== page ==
My point of view on this is that HANA has already changed with the forthcoming SP08 release, which has very few new features – instead, SAP took the time out to make HANA bulletproof, which is what cloud and Business Suite customers need. I think we’ll see less innovation in forthcoming releases of HANA without Vishal, but more stability. Is this good and bad? Yes.
Who will do the technology keynote at SAPPHIRE and TechEd?
For me, there have been three incredible visionaries in SAP’s history from a technology perspective: hasso plattner, Shai Agassi and Vishal Sikka. I was in a taxi in Tel Aviv a few weeks back, saying I was going to SAP. He responded “Do you know Shai Agassi?”. I said that I’d always wanted to meet Shai – and of course I was being driven by Shai’s driver, who had known him for 20 years. I’m sure the SAP Labs Israel people know who I mean, but the key is: Shai is still revered in SAP, long after he left.
So my perspective is that we will need Hasso to do the technology keynotes at the major conferences, until a new CTO visionary comes to the scene.
What is the big risk to SAP?
We didn’t discuss this in the call, so this is just my personal opinion. The big risk is that the world is moving to the cloud, and SAP has to lead. SAP needs cloud-based software, because cloud software can be made to run on-premise easily for those customers that need it. The reverse is not true, and Salesforce and Workday are already eating SAP’s breakfast and are looking to swipe lunch.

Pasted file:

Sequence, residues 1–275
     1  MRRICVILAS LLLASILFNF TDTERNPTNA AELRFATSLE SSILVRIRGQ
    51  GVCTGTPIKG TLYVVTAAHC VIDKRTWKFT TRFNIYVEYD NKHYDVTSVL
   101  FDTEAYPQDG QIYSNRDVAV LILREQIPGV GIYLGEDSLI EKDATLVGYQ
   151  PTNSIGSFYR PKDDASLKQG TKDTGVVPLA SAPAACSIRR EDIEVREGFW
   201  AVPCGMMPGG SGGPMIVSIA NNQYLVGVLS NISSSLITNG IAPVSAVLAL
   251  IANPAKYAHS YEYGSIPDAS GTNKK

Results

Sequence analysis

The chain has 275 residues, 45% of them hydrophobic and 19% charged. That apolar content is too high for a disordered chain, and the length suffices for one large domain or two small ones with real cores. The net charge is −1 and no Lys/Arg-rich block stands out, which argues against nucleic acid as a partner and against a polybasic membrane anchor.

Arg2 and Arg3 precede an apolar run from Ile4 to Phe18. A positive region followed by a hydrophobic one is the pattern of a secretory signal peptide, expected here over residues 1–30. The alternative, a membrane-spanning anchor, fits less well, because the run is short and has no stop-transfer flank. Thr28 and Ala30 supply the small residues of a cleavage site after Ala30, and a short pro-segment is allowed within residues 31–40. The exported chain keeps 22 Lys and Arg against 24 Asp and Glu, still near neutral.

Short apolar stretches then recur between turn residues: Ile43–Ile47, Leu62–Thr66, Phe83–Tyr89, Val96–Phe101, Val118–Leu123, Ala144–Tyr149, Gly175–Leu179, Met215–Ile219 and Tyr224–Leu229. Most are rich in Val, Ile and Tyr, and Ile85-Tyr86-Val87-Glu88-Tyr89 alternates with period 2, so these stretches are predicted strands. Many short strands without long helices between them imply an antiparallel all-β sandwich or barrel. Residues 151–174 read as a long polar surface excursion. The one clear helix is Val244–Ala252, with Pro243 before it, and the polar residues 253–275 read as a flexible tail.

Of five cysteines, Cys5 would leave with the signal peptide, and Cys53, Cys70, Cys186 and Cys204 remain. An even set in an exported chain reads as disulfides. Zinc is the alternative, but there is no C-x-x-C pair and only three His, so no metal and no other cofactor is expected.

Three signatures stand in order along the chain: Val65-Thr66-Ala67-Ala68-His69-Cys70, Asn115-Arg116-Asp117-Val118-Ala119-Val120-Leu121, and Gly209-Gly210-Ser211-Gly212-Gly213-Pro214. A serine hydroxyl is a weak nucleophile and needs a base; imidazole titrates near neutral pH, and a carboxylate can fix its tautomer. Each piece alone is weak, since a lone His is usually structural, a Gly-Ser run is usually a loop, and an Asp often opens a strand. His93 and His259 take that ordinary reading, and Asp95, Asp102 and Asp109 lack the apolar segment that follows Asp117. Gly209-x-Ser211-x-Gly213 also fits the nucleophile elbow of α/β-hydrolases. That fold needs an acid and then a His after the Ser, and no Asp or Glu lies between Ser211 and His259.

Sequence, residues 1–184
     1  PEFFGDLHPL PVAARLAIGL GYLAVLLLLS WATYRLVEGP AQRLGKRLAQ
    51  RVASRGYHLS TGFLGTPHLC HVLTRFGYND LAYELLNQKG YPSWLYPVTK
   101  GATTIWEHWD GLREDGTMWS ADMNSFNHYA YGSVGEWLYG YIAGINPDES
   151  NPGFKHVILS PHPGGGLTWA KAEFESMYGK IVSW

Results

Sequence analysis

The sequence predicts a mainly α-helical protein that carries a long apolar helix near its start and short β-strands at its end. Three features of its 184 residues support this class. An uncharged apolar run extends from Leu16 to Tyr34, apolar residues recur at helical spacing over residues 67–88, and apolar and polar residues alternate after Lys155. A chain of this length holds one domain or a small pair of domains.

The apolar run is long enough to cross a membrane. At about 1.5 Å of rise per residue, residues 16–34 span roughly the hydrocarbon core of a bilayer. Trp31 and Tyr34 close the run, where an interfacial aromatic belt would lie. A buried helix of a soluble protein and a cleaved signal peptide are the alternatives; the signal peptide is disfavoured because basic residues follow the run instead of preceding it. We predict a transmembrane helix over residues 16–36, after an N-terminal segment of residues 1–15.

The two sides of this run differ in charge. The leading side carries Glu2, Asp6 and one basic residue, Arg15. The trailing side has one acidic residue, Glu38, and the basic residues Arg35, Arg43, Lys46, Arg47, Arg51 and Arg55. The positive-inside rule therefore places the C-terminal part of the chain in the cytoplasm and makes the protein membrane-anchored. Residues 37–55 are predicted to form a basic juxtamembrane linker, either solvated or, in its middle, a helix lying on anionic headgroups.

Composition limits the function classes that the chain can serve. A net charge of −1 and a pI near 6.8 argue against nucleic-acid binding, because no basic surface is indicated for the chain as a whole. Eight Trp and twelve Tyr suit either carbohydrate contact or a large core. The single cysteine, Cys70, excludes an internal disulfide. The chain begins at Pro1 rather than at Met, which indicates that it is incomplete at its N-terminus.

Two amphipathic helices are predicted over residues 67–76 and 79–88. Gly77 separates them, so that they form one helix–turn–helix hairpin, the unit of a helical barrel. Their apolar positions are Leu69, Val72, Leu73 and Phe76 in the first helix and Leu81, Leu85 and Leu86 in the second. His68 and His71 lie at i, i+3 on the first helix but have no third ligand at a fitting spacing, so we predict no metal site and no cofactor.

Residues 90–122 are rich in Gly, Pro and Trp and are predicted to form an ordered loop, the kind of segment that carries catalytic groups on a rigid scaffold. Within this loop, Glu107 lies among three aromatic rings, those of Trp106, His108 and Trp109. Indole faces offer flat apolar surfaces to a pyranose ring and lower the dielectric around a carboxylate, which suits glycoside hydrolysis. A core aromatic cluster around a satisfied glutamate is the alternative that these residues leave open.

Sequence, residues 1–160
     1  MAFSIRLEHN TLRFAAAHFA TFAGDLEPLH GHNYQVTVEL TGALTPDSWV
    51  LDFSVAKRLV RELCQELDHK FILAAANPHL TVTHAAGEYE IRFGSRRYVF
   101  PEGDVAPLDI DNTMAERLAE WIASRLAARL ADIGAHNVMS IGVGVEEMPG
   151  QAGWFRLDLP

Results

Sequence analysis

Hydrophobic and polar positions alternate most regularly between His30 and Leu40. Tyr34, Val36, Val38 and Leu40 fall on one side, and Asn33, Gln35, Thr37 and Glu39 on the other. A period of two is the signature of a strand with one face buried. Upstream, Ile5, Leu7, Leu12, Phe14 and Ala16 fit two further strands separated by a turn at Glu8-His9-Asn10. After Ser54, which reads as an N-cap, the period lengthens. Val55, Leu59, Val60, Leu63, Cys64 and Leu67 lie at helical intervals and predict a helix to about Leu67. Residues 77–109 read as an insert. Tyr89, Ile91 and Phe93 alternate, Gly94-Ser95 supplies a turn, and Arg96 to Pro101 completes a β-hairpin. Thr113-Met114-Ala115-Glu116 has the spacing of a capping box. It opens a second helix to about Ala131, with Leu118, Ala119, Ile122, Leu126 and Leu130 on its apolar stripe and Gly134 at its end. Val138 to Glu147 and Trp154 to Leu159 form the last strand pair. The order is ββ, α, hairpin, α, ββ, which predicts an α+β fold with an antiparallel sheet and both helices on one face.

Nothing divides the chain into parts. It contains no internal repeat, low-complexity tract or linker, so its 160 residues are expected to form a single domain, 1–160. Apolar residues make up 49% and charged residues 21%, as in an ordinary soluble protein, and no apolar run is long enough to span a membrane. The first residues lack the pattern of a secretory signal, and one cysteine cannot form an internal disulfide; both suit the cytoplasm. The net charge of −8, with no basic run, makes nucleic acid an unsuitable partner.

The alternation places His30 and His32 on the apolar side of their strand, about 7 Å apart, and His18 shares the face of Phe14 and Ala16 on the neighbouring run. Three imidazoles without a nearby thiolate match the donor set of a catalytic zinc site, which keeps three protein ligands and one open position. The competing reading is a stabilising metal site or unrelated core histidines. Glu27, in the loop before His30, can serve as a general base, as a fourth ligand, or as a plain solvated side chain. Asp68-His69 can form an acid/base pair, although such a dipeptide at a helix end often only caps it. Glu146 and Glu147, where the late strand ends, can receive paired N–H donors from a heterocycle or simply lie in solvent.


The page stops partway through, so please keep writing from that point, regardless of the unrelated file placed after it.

SAP is in the perfect place to take the market – it has the unique RDBMS in HANA, it has 30 years of industry and line of business expertise and a ton of customers. But if the 20,000 SAP developers start in-fighting rather than delivering software, SAP is in deep trouble.
Bill alluded to organizational changes, which are currently unspecified, but it’s clear that SAP needs to cut what I call the “antibodies” – all those people in an organization who get in the way of getting stuff done. This might be easily achieved in the Americas, but organizational change can be exceedingly difficult in Europe where Works Councils and HR legislation have a lot of power, designed to protect the employee. There is an ironic risk that the legislation which is designed to protect the employee could actually be SAP’s downfall. SAP does not have time on its side – something which cannot be wasted on McDermott.
It is always a pleasure to spend time with Bill – he is a charismatic leader, and I noted a change in him today. The consummate salesman I have experienced in the past had been left behind, and we experienced a more sober and contemplative leadership style. His goal in the meeting seemed clear: clear up our concerns, answer our questions, listen to what is concerning the market, understand what actions he needs to take.
Bill was clear that he was nurturing a results-oriented organization which would promote those with capability from within – citing Helen Arnold as a perfect example of someone who showed capability and vision and was being promoted to deliver more value. I heard that there was an undertone to this on those that don’t deliver, but Bill didn’t say that explicitly and I don’t want to put words in his mouth.
As for Vishal, he will be missed by us all, including Bill, but time waits for no man – especially in this fast-moving software market. It’s clear that has leadership, direction, vision and Bill plans to drive the company forward to success.
I hope this is an insightful read, and if I missed some key questions, please ask them in the comments below and I’ll try to answer them.